“CONNECT”. Smooth 98.1
Last Thursday, i began to share a critical thought about the difference between correction and punishment. I mentioned that If you ask me what is the one thing that you can learn, that can increase your capacity and potential for success in building a great family? I believe the answer will be: correction. I have said that correction is a learnt behavior, not a gift of nature. The goal of punishment is to acknowledge your hurt and to share the pain of your hurt with the offender. It does not by any means transform behavior. The goal of correction is to bring the offender to a human state of acknowledgement of error, remorse, and to govern behavior in a way that transforms the offender and blesses both his immediate environment and society at large.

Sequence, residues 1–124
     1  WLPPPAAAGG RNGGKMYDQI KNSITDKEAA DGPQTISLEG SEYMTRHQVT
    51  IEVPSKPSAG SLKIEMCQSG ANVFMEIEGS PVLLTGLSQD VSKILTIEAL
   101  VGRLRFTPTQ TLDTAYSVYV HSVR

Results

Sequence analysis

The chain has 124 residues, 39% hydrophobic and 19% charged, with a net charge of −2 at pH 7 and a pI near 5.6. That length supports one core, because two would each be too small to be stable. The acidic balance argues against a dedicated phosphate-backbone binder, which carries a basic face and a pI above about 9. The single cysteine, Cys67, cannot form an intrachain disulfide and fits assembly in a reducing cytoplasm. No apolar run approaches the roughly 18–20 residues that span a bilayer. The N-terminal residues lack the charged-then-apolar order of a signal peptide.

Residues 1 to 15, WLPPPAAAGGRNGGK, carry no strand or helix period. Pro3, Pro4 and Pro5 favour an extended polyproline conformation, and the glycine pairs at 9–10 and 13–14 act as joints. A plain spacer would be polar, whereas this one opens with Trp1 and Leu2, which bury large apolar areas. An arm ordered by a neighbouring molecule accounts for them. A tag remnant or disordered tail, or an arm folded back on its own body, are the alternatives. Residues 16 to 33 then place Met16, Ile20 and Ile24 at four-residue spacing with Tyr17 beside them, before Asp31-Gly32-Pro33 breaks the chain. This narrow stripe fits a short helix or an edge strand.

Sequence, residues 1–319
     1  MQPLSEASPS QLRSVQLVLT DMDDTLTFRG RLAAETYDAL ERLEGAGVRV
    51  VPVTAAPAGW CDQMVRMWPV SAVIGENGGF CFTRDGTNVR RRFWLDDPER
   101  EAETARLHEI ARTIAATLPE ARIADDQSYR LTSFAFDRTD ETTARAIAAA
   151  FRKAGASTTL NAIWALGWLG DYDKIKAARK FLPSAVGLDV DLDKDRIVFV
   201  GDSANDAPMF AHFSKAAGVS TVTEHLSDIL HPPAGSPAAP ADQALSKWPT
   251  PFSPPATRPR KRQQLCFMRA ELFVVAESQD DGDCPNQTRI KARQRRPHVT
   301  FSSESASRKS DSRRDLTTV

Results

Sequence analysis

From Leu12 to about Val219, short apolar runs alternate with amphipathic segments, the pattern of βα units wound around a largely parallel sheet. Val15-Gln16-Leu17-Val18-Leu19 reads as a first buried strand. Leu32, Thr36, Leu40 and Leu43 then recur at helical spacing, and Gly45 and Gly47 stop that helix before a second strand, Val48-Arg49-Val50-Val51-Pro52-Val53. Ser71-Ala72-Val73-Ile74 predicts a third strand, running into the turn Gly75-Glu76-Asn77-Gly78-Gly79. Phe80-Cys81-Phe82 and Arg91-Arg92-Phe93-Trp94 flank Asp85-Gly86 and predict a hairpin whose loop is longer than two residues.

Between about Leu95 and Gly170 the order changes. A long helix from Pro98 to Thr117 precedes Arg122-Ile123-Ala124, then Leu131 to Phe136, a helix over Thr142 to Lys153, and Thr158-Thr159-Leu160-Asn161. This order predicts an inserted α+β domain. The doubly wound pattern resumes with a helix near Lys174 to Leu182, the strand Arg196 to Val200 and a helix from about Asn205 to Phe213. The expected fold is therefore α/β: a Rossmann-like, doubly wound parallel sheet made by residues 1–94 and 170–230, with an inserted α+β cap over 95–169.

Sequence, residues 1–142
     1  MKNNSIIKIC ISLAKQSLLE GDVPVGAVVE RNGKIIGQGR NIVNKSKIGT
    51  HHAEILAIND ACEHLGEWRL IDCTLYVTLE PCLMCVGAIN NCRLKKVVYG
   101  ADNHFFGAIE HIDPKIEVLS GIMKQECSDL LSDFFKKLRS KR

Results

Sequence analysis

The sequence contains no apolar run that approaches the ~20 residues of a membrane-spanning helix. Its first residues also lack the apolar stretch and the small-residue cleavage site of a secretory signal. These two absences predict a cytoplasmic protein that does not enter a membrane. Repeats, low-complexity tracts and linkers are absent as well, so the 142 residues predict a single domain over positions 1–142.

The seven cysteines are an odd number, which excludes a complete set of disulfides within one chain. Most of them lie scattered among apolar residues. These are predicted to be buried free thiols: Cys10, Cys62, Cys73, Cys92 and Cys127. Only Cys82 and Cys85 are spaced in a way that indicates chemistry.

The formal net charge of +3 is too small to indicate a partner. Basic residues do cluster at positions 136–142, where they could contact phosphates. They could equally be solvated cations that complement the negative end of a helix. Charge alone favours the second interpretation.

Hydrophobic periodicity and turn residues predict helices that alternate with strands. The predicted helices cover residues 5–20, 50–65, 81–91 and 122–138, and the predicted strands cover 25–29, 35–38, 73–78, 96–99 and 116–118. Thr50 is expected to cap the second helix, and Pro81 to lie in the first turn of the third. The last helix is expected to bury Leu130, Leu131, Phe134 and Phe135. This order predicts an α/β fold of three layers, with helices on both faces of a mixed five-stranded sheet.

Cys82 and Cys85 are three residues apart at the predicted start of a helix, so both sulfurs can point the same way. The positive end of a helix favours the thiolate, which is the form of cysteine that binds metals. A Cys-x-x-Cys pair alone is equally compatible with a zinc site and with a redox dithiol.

Studies have shown that over 90% of parents never correct in their lifetime, they only punish. Correction is about using positive reinforcement to govern behavior. But without knowledge, the tendency of parents is to use negative, coercive, punitive means of stopping or eliminating behaviour rather than positive, pleasant, reinforcing means of strengthening behaviour. I mean, a child misbehaves, the parent immediately scolds, spanks, or screams at the child, and the inappropriate behavior stops. The immediate consequence of the scolding, spanking, or screaming was exactly what the parents wanted: the child immediately quit misbehaving. The parent has successfully acknowledged his or her hurt and has swiftly shared the pain of the hurt with the child. Correction has not taken place. The child has not learnt anything. Furthermore, the parents’ behavior (that is, scolding, spanking or screaming) is also strengthened in the parent because it seems to be effective; hence it will certainly reoccur in the future when the child misbehaves again. And the child will misbehave again because the scolding, spanking, or screaming will have only a short-term effect on the child’s behavior. Sadly, parents don’t see the reoccurrence of the child’s behavior as being a function of the scolding, spanking, or screaming. Rather, they will recall only that the scolding, spanking, or screaming stopped the behavior before and it will stop it again … and again and again and again and again and again. The point is that the more parents scold, spank, and scream to control their children’s behavior, the worse the children behave. You can be certain of it! The more parents scold, spank and scream to control their children’s behavior, the more their children’s behavior will invite scolding, spanking, and screaming because negative consequences are ineffective ways of controlling children’s behavior. Similar studies in classrooms have revealed exactly the same thing. The more teachers scold and scream at students to sit down and be quiet, the more the students will be out of their seats and rowdy. It is predictable. It’s science. It works even between adults. Even between husband and wife; between a senior colleague and a junior colleague at work. It is everywhere. And it is a scientific and automated behaviour in most people. The victims also learn that behaviour and use it within their own area of influence.